If you ever visit a Whole Woman’s Health Clinic, part of a national chain of reproductive care facilities, you might notice that it doesn’t resemble a traditional health care space. Soothing lavender paint covers the walls and lamplight replaces harsh fluorescents. Diffusers steam calming essential oil, while a specially blended herbal tea, featuring peppermint for nausea and rose for cramping, steeps for patients. Exam rooms aren’t numbered; they’re named for inspirational women such as Frida Kahlo and Rosa Parks.
Amy Hagstrom Miller, founder and CEO of Whole Woman’s Health, opened the first clinic in Austin, Texas, in 2003, and she prioritized the patient experience. Hagstrom Miller is the daughter of a custom homebuilder and the sister to a landscape architect, and she has always been attuned to the psychology of space. “I grew up thinking about design,” Hagstrom Miller says, and “about how space can contribute to stigma or how it might help to alleviate stigma.”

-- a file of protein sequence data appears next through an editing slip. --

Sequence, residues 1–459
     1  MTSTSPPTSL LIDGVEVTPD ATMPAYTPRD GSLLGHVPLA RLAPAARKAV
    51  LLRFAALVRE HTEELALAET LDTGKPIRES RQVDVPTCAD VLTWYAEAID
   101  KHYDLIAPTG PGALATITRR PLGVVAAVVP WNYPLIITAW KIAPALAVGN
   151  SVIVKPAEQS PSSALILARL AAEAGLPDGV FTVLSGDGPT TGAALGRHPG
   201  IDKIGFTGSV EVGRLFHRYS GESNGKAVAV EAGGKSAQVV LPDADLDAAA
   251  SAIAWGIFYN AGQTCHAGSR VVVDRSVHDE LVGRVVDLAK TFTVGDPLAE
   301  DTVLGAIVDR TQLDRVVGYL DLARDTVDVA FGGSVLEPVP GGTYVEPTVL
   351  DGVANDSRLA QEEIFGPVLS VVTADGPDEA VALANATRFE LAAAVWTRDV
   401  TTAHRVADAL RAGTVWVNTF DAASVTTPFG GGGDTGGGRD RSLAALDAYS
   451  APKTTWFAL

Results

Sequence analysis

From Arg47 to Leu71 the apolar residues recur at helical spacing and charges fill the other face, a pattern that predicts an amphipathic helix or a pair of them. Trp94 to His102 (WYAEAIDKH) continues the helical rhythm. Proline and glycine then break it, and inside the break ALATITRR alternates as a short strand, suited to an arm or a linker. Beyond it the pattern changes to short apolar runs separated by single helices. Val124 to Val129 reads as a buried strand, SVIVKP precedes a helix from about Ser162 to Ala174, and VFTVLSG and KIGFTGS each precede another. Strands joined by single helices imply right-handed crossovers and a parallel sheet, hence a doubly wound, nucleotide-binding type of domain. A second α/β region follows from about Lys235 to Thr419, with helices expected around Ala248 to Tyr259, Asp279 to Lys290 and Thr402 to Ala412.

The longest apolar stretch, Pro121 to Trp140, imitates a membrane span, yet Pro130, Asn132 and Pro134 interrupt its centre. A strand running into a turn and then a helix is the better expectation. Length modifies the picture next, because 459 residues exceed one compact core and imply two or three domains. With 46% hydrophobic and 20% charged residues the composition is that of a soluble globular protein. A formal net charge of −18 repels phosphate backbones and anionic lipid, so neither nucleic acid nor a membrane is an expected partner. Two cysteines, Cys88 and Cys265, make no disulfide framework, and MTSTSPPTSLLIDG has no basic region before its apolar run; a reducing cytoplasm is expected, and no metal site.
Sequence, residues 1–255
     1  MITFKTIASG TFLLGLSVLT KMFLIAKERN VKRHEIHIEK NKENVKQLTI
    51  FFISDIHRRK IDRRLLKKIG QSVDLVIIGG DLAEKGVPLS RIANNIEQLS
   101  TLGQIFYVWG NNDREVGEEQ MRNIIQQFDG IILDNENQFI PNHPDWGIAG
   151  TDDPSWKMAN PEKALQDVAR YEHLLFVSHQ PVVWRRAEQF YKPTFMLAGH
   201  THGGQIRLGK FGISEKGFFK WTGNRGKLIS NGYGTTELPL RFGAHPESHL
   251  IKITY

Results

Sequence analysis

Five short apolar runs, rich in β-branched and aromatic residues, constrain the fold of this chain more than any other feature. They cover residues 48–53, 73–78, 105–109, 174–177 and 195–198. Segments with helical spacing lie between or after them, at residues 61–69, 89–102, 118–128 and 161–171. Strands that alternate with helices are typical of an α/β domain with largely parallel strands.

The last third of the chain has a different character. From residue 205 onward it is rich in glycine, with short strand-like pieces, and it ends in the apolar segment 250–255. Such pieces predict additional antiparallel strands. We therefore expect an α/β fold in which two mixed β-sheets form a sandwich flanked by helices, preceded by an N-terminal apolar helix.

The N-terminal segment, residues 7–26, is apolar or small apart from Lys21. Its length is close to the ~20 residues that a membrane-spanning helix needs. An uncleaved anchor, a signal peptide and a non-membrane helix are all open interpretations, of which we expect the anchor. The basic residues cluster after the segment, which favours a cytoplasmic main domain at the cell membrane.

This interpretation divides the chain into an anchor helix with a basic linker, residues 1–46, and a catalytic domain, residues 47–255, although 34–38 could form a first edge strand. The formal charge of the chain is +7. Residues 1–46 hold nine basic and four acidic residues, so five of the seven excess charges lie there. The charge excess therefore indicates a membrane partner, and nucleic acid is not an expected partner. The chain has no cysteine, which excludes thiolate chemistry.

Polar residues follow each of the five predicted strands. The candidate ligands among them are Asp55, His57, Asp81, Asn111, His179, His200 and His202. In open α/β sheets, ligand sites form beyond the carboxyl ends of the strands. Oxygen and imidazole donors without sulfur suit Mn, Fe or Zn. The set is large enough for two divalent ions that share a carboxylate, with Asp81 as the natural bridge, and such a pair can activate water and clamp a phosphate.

Hagstrom Miller now oversees eight existing reproductive health care clinics around the country, in states like Virginia and Indiana, and she has renovated each using her signature patient-centered approach. While Hagstrom Miller values design, she never could budget for an architect, at least not until 2014, when she hired Illinois-based George Johannes, AIA. His job wasn’t the design of a new clinic; rather, he was tasked with helping to save existing ones.